Onychomycosis (Nail fungus) and Scabies (Sarcoptic Mange)

by Carlo Raj, MD

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    00:01 The topic here is onychomycosis.

    00:03 What does that mean? It’s a fungal infection of nail plate or nail bed.

    00:08 If it’s one thing that you want take out of this fungal infection, onycho- means nail.

    00:14 Caused by dermatophytes or some saprophytes.

    00:19 Fungal infection of the nail bed.

    00:22 Demographics: 20% will be of the elderly, onychomycosis.

    00:27 Caused by thickened, dystrophic and discolored toenail, with crumbling, and it’s called onycholysis.

    00:36 So the onychomycosis at some point when it then affects your nail bed, you cause destruction of it, we call this onycholysis.

    00:45 Note the only cause of dystrophic nail is onychomycosis, usually dermatophyte or maybe a saprophyte.

    00:56 If you then take look at the nail here on your left, you’d find this to be a very dystrophic nail in onychomycosis.

    01:06 Diagnosis: Must prove the diagnosis before treatment, and may perform as you can imagine, a KOH prep or nail biopsy.

    01:16 Management: You need to make sure that you at first confirm it.

    01:20 And once you do, know that often treatment is restricted to the finger nail.

    01:27 Diabetics and those with ambulatory issues, and by that we mean what? Difficulty with movement.

    01:37 Requires oral antifungals for prolonged course.

    01:40 Once again, we have terbinafine or an azole drug as itraconazole.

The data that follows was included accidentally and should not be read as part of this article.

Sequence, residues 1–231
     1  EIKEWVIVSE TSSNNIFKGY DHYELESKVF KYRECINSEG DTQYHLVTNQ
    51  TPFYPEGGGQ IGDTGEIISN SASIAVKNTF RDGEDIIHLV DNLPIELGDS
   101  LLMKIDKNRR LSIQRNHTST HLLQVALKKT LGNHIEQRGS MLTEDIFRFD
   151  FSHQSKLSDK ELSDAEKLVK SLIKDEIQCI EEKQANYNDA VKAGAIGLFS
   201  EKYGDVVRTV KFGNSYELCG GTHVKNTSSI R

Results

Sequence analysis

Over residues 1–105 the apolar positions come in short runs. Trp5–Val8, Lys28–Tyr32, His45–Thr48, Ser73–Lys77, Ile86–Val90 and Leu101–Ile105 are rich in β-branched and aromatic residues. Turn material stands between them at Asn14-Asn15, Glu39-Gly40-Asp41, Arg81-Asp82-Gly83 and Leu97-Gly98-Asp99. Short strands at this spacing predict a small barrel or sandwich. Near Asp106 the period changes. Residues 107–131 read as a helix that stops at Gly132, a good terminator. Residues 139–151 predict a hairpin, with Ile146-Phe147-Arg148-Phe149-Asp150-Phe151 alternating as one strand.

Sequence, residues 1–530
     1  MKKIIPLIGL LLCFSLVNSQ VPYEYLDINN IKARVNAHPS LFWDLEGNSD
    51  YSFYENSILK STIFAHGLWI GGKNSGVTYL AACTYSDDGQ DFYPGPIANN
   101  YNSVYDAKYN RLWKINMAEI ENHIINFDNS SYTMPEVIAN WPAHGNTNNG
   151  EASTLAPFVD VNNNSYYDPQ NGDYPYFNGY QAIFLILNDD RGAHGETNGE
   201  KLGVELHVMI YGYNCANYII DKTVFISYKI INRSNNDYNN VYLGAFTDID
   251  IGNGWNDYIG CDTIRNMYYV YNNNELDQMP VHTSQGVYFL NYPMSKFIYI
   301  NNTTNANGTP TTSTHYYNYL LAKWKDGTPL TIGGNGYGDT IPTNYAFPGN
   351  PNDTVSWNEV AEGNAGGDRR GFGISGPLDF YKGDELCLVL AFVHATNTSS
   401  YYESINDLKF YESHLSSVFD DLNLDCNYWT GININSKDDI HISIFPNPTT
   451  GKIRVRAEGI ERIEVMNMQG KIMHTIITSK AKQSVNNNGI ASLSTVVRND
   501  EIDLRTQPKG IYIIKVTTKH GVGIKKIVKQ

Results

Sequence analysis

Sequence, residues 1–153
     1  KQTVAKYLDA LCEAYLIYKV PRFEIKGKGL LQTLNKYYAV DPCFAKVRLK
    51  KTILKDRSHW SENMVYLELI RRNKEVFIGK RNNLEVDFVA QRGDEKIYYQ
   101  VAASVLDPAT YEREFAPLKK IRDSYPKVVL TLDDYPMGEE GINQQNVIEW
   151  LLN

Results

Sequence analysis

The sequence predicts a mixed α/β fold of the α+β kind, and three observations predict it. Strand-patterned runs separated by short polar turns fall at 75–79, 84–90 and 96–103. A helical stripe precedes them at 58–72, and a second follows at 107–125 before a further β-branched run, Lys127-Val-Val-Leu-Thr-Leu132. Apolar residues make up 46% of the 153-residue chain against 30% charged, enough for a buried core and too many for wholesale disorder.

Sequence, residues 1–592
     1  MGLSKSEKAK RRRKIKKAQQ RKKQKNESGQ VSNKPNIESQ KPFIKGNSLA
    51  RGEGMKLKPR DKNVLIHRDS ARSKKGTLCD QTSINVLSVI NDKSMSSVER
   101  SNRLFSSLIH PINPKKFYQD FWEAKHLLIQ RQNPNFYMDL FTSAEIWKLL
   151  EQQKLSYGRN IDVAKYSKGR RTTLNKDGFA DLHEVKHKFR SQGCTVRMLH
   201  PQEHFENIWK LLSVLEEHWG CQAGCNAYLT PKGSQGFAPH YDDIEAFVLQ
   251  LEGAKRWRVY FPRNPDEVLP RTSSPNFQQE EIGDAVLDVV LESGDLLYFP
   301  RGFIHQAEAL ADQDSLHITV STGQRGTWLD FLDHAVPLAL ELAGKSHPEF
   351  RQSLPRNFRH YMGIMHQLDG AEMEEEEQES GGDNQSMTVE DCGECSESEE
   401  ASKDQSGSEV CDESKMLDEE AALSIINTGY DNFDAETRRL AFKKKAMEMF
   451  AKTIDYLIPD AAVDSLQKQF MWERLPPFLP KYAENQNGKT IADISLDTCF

01:49 Scabies.

    01:50 A scabies infestation of the mite – The name of the mite here is called your Sarcoptes scabiei.

    01:58 Healthy persons may only have a dozen mites on the entire body whereas an immunocompromised individual get crusted scabies with millions of mites.

    02:09 Doesn’t that sound like a wonderful, wonderful discovery? So what does this look like on your skin with scabies? Female mites, they burrow into the superficial skin and there they go and plop! They drop feces and eggs.

    02:24 Pleasant.

    02:26 Allergic reaction occurs in the material that’s been produced by the mite.

    02:31 Pruritic rash with the presence of small linear type of burrows.

    02:36 And then the burrow often found where? The wrist or between the fingers, in the webs of the fingers.

    02:45 In an adult, the face, neck and scalp are typically spared, is something that you want to keep in mind.

    02:54 Here’s a patient that has scabies and I want you to focus upon – This is a baby and you’ll notice that it’s on the legs, it’s on the chest, and you’ll also find it in between the fingers and the webs of the fingers.

    03:06 Scabies, remember the female mite? It got in there and dropped its eggs or maybe feces and then there’s an allergic reaction in which this poor child was scratching, scratching, scratching.

    03:20 Diagnosis: Scabies prep using a scalped blade and the burrows are scraped.

    03:27 Examination of your material underneath the microscope and the mites, the eggs, and the feces are then diagnostic, obviously.

    03:36 Remember, immunocompetent maybe a few dozen, maybe a dozen.

    03:41 If it’s in immunocompromised, we’re talking about millions with those crusts.

    03:48 Management: Topical permethrin.

    03:52 Ivermectin, oral.

    03:54 Family members for sure and launder the linens forevermore.

    03:59 Burn them if you need to.

    About the Lecture

    The lecture Onychomycosis (Nail fungus) and Scabies (Sarcoptic Mange) by Carlo Raj, MD is from the course Infectious Skin Diseases. It contains the following chapters:

    • Onychomycosis
    • Scabies

    Included Quiz Questions

    1. Skin scraping and microscopic examination
    2. Potassium hydroxide preparation
    3. Blood test for scabies
    4. Tzanck smear
    5. Wood lamp examination
    1. Topical permethrin
    2. Oral griseofulvin
    3. Topical clotrimazole
    4. Topical steroids
    5. Oral Itraconazole

    Author of lecture Onychomycosis (Nail fungus) and Scabies (Sarcoptic Mange)

     Carlo Raj, MD

    Carlo Raj, MD

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